What is the Maillard reaction (and why do I care)?

By
Hannah Koelmeyer
Added
10 April, 2014

You may have heard this term bandied about by food boffins like Heston Blumenthal, so what is the Maillard reaction and what’s it for?

What is the Maillard reaction?

Scientifically speaking, the Maillard reaction is a chemical reaction between amino acids and simple sugars in protein-laden foods that occurs with the application of high heat (generally above 140°C). Basically, it’s what’s happening when you’re browning meat in a hot frying pan, cooking chips in a deep fryer or making toast. Also known as the ‘browning reaction’ you can tell that the Maillard reaction has occurred because the parts of the food directly exposed to heat will change colour and become crisp, and you’ll start smelling delicious, mouth-watering food aromas (think freshly-baked bread, roasted coffee beans, the delicious smell that wafts out of a steak restaurant).

And why do I care?

Because the Maillard reaction is all about FLAVOUR. When the chemical reaction occurs it produces hundreds of new flavour compounds, which results in the difference between the subtle flavours present in steamed pumpkin, and the rich intensity of roast pumpkin with all of those delicious chewy almost-burnt bits that get stuck to the bottom of your roasting pan. Those delicious almost-burnt bits? That’s the work of the Maillard reaction.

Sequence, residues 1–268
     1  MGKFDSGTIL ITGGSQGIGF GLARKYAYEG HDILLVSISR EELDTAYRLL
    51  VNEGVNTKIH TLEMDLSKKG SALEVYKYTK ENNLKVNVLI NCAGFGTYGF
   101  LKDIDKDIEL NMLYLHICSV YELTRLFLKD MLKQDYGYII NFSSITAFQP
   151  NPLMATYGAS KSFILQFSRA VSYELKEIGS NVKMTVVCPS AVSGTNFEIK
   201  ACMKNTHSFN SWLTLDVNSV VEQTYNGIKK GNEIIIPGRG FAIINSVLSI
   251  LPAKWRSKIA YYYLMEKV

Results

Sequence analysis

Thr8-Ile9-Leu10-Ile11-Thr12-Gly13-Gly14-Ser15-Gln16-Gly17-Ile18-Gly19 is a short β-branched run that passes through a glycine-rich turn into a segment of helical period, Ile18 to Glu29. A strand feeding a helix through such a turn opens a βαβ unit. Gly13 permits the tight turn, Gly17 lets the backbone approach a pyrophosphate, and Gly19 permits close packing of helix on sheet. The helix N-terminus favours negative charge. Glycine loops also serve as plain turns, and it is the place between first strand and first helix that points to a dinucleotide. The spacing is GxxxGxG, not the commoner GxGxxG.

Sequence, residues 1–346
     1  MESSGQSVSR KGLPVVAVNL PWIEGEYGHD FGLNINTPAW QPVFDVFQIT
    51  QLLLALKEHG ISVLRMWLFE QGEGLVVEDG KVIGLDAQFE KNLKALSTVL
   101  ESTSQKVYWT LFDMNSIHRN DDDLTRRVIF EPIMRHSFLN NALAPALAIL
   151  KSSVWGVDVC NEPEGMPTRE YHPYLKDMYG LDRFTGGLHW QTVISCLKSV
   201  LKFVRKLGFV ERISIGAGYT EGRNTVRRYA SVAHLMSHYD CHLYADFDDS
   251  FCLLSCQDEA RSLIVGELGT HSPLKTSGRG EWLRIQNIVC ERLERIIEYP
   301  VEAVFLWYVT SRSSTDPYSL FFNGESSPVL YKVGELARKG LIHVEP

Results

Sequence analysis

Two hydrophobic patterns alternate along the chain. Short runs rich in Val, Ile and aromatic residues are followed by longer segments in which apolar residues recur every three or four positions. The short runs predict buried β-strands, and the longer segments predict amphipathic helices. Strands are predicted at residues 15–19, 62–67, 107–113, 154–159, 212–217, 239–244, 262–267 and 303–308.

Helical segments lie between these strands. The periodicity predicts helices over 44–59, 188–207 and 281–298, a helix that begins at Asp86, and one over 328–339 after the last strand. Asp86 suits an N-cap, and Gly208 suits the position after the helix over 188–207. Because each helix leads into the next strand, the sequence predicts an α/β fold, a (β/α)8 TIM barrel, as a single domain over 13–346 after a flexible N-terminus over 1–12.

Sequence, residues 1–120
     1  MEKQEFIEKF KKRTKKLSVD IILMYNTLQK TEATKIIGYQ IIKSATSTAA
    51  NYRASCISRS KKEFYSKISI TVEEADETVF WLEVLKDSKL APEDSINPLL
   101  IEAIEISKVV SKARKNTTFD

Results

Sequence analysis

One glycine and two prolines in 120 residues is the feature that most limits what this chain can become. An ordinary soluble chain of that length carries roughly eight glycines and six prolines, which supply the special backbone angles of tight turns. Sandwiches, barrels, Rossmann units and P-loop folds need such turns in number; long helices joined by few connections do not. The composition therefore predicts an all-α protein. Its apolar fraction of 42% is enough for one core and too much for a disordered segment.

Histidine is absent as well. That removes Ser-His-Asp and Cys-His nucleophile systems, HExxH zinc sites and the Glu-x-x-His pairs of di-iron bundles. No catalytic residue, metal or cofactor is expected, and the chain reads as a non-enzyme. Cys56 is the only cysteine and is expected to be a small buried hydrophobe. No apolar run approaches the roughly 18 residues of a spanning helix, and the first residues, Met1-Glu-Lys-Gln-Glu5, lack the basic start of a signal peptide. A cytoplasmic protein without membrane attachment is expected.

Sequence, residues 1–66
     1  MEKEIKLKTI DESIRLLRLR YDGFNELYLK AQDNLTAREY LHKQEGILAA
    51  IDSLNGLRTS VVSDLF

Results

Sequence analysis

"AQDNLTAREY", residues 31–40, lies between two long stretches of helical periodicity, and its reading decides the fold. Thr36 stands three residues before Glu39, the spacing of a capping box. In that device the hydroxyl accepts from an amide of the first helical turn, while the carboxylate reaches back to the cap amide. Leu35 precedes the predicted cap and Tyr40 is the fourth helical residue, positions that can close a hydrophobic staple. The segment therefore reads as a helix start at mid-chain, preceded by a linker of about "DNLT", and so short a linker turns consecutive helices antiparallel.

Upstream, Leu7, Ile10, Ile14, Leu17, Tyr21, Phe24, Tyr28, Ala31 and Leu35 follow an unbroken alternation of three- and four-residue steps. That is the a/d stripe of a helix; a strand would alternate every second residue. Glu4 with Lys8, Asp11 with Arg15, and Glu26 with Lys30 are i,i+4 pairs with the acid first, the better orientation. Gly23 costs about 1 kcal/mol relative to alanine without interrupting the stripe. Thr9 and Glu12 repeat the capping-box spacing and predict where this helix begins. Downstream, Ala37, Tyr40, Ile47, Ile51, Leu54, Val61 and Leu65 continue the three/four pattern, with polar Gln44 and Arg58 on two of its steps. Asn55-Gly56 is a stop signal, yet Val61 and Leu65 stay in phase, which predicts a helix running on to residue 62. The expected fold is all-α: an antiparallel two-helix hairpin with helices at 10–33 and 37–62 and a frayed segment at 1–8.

Understanding and exploiting the Maillard reaction is the secret to cooking juicy, flavour-packed meat. The key is to utilise and maintain high temperatures to create a delicious, intensely-flavoured outer crust without over-cooking the inside. Simple ways to do this are cooking steak the way Heston recommends: in a smoking-hot pan and turning every 15-20 seconds to keep up the outer temperature; and when you’re roasting, cook for longer at a lower temperature, but finish in a super-hot oven for about 10 minutes to get a delicious crispy outer layer.

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